Fox Face (fierce feminist punk from WI) LP out now!

fierce feminist punk from WI
Fox Face

Witchy, twitchy and full of attitude, Fox Face is a fog-swirling, moonlit night where nothing’s as it seems. Blink, and they answer the question you didn’t even know you had. Both realized and reckless, Fox Face is an eerie musical force that would be just as much at ease holding a seance on a stormy, nighttime beach as they would be throwing a rager in a dark, beer-soaked basement bar.

Fox Face’s first record for Dirtnap
Spoil + Destroy

Lead guitarist and vocalist Lindsay DeGroot is as comfortable in a Riot Grrrl shout in “(What You’re) Good For” as she is in the snarl of “I Believe In Science”, ambidextrously managing both pissed off and creepy, the words “I believe / In research/rationality” twisting like knives into her enemies. Fox Face’s explicitly feminist lyrics are undeniably bolstered by no-bullshit politics and inspired by the Book of the Dead and The Craft.
Spoil + Destroy is Fox Face’s first record for Dirtnap, recorded by Kyle “Motor” Urban at MotorCo Studio in Madison, WI, using an all-analog Ampex MM-1100 23" 16-Track recorder. Urban also recorded the band’s debut Teen Wiccan 7". DeGroot leads this storm of sound, with bandmates Lydia Washechek (guitar, vocals), Mary Joy (bass, vocals) and Christopher Capelle (drums) playing countless furiously energetic sets in their hometown of Milwaukee, WI, and beyond.
On the tongue in cheek Spoil + Destroy, Fox Face alternates between Sabbath-y vs. searing guitars (“Clever Girl”), surf-rock (“(What You’re) Good For”) and the creeped-out, organ-laced sonic seance of “The Moon and the Tide”. That realized and reckless attitude hangs hard on the vocals of everyone throughout, echoing the spirit of Kathleen Hanna and Neighborhood Brats’ Jenny Angelillo. This is what would happen if the Shivvers’ Jill Kossoris got pissed off and started plotting revenge on the date who didn’t call her back on the “teen line”, sitting “by the phone waiting for your ring”.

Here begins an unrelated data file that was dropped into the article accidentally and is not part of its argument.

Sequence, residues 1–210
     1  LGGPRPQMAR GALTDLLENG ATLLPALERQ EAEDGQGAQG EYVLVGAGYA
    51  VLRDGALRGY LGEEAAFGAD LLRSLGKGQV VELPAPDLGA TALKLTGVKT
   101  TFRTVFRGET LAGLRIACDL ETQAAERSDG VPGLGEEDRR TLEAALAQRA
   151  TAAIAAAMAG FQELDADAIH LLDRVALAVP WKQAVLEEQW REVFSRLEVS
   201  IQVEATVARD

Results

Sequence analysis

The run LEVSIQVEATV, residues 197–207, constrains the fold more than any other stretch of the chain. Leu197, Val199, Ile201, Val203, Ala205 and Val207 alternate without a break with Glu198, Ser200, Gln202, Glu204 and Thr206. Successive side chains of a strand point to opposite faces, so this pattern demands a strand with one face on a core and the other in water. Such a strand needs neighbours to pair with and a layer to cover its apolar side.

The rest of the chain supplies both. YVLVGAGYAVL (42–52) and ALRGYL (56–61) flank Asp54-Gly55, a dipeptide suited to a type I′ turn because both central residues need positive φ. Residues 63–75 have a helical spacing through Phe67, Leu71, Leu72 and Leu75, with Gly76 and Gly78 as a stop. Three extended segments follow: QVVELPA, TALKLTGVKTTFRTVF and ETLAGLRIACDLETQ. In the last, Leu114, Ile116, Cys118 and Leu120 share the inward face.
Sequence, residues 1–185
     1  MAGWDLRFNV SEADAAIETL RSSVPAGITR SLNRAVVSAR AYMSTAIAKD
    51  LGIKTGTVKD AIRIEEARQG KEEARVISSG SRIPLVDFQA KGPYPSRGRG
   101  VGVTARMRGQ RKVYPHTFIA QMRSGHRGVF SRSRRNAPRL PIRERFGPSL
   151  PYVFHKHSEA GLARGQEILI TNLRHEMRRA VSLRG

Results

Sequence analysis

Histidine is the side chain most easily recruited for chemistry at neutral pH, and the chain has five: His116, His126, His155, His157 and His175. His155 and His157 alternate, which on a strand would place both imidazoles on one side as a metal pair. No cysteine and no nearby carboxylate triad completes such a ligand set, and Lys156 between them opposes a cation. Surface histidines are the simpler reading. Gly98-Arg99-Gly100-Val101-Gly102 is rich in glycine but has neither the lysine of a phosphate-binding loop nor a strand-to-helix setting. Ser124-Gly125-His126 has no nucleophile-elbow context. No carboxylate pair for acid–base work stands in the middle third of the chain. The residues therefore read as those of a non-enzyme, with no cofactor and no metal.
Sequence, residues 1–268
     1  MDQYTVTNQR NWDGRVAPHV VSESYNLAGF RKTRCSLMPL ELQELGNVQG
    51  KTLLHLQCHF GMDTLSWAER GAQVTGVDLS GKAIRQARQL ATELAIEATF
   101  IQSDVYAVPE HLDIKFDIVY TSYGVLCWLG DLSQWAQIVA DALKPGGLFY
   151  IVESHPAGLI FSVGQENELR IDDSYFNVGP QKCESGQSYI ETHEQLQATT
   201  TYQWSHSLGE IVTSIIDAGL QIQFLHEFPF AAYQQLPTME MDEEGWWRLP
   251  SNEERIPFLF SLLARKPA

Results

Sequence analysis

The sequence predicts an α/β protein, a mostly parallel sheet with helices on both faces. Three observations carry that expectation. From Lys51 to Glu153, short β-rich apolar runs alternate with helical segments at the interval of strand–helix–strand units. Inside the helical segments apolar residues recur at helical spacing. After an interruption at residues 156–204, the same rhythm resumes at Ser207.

Fed up, Fox Face takes their own issues to hand, whether battling anti-feminist attitudes, panic attacks or the fear of the earthly unknown. Spaghetti Western styles intermingle with punk & roll and goth, making for a bubbling pot of riled-up, creeptastic tales, where the environs are trepidatious, dark and frustrating, yet you feel you can battle your way out. “You—you got this, you know you got this, you got it ‘cause you earned it.”